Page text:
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7 Reasons to Avoid a NETGEAR Nighthawk RAXE500 Router Today

Avoid NETGEAR Nighthawk RAXE500

7 Reasons to Avoid a NETGEAR Nighthawk RAXE500 Router Today

Key Points

  • The NETGEAR Nighthawk RAXE500 was one of the top-performing routers at the time of its release.
  • The router has limited control for fine-tuning wireless network settings.
  • Online protection and parental controls require a subscription.
  • The router is expensive for its age and lacks a 10Gbps port.
  • The internal fan can be buggy and the 6GHz band has a short range.

What are the top reasons to avoid a NETGEAR Nighthawk RAXE500 router? There is no shortage of high-performance wireless routers on the market today. These come in a variety of different price points, and all have their strong suits. The RAXE500 from NETGEAR was one of the top-performing routers at the time of its release.

However, the last few years have only helped to highlight some of the more glaring design choices with the router as a whole. Today’s review will take a closer look at the RAXE500 to see why you might want to avoid this for your next wireless purchase.

What Is the NETGEAR Nighthawk RAXE500 Router?

The 12-Stream Wi-Fi 6E router from NETGEAR, or the Nighthawk RAXE500 is the first Wi-Fi 6E device from the manufacturer. Instead of the dual bands operating at 5GHz seen on its predecessor, the RAXE500 has a 6GHz band. The overall throughput for this router is something to behold, especially if you have the internet connection to support it.

At the time of its release, you could argue this was the fastest router on the market. However, there were few devices on its 2019 debut that could actually support the newest Wi-Fi standard at that point in time. With Wi-Fi 7 soon to enter open availability, the RAXE500 still has plenty of use for years to come.

SpecsNETGEAR RAXE500
Wi-Fi StandardWi-Fi 6E
Wi-Fi Range3500 square feet
Wireless Bands Available2.4GHz, 5GHz, and 6GHz
Ethernet PortsFive in total, with four 1-gigabit ports and a single 2.5-gigabit port
Security MeasuresNETGEAR Armor and Smart Parental Control are available as a monthly subscription
Wireless Security ProtocolWPA-3
Encryption128-bit AES with a PSK
USB PortsTwo USB 3.0 ports

Reasons to Avoid a NETGEAR Nighthawk RAXE500 Router

Find out exactly why you should avoid a NETGEAR Nighthawk RAXE500 Router and look at our alternatives instead.

Limited Wi-Fi Settings

NETGEAR Nighthawk RAXE500
You have very limited settings on the NETGEAR RAXE500 for your wireless network.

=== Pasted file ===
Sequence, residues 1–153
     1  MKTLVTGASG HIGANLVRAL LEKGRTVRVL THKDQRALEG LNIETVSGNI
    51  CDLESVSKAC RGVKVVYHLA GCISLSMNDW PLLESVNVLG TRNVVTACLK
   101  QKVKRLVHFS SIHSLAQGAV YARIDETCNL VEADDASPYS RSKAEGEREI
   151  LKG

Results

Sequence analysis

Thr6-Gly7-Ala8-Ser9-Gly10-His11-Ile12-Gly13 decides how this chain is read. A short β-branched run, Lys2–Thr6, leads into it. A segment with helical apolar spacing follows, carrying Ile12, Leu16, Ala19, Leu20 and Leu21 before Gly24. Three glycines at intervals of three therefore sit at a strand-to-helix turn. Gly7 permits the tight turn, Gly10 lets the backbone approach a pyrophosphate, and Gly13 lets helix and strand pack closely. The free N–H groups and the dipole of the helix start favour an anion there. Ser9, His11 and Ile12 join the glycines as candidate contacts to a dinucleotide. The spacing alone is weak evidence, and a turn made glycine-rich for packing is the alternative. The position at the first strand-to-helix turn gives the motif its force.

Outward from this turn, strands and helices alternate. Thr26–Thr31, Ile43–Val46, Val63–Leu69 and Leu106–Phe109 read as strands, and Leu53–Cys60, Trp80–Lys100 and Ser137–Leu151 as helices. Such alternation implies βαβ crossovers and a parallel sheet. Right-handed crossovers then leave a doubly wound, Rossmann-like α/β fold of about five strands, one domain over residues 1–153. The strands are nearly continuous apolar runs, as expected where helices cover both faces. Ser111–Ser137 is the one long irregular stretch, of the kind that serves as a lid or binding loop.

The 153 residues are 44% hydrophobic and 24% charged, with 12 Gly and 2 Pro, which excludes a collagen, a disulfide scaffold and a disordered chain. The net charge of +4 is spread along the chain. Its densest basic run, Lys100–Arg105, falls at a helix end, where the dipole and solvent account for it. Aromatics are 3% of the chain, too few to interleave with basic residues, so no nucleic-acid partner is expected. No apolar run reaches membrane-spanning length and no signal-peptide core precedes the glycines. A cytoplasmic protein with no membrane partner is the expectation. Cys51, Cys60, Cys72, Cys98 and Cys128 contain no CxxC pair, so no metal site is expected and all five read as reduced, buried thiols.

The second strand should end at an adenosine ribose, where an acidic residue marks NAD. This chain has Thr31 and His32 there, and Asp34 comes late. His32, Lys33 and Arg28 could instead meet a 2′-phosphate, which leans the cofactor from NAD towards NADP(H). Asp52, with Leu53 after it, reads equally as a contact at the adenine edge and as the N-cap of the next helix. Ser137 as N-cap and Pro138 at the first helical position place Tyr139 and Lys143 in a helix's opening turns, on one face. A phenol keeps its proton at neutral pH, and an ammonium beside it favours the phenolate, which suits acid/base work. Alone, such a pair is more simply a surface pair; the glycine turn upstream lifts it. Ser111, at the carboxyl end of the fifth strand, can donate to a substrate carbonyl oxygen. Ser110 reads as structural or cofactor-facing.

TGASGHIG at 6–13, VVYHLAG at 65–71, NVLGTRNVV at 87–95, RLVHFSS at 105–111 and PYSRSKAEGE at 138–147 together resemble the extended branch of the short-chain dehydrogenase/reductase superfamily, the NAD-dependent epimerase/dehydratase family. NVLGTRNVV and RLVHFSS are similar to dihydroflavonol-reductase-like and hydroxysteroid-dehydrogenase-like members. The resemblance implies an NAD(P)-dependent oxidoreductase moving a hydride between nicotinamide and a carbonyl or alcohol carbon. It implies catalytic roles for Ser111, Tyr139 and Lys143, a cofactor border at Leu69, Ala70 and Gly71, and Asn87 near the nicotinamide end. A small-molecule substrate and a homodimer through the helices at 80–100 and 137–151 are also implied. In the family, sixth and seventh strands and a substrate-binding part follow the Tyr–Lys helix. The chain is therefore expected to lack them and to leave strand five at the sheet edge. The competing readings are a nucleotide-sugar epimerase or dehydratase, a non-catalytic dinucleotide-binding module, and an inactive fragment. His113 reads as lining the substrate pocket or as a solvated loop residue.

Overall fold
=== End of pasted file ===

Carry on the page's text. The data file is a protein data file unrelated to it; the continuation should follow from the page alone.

One of the best reasons to avoid a NETGEAR Nighthawk RAXE500 is its limited control. This router is an absolute breeze to set up. You’ll just need your smartphone to handle things. However, when it comes down to fine-tuning your wireless network, it leaves something to be desired.

Most wireless routers use something called QoS or quality of service to share bandwidth. This router is certainly capable of doing so, but actually adjusting the settings isn’t doable. You’ll instead have to hope that the manufacturer’s suggested settings are usable in your household. Given the support for 60 concurrent devices, this could lead to a potential issue.

Online Protection Needs a Subscription

Most wireless routers come with security measures. We’re not talking about the likes of WPA3, but more malware and intrusion protection. NETGEAR Armor is readily available, but it will cost you extra. Purchases of the RAXE500 get you a year of NETGEAR Armor protection, after that, you’ll have to pay a monthly subscription.

Now, this might not be a dealbreaker for some users. However, less savvy users will find this to be one of the biggest reasons to avoid a NETGEAR Nighthawk RAXE500. Some users simply don’t have the knowledge base to implement good online security for themselves. Placing that level of security behind a paywall is common, but some basic measures should be in place for free.

The High Price

Despite being almost five years old, the NETGEAR RAXE500 still fetches a premium. You’re looking at a suggested retail price of $499.99 for an older router. Now, Wi-Fi 6E is still highly relevant and should be more than sufficient for most users in terms of raw speed. However, wouldn’t you rather just buy a Wi-Fi 7 router at that point?

There are currently a few different options for Wi-Fi 7 routers on the market, so you aren’t exactly without choices. The NETGEAR RAXE500 was a premium router at the time of its release, but advances in tech have left it in a position where it simply isn’t the powerhouse it used to be.

There Isn’t a 10Gbps Port

NETGEAR Nighthawk RAXE500
You’ll only find a 2.5-gigabit ethernet port as the maximum speed for hard-wired connections on the RAXE500.

You would think given the immense power of this router that you’d have all sorts of connections on the back of the unit. That is true, to an extent, but the fastest ethernet port only goes to 2.5 gigabits, which is considerably slower than the 10Gbps throughput of the router. If you’re planning on plugging up a computer or console for better latency, it’s going to be disappointing.

This seems a very curious design choice by NETGEAR as a whole. As such, the lack of parity in the connections is just one of many reasons to avoid a NETGEAR Nighthawk RAXE500. There are routers on the market in the last four years that come with higher throughput on the ethernet ports.

No Built-In Parental Controls

If you have children in your household, you understand the importance of parental controls. One of the best reasons to avoid a NETGEAR Nighthawk RAXE500 is a lack of built-in parental controls. You can get parental controls from the same subscription that provides NETGEAR Armor.

However, if you’re looking to curtail your youngster’s browsing habits, you’ll have to resort to third-party software. Given the limited shelf-life of most consumer wireless routers, this seems more or less like a choice motivated by greed since the controls are effectively provided as SaaS.

The Internal Fan Can Be Buggy

The NETGEAR RAXE500 is a high-powered router. It is essentially a purpose-built miniature computer running NETGEAR’s router firmware. As such, it gets hot and needs cooling. The RAXE500 does have an internal fan, but its efficacy is spotty at best. You certainly don’t want to have thermal throttling on something as essential as internet access in your home.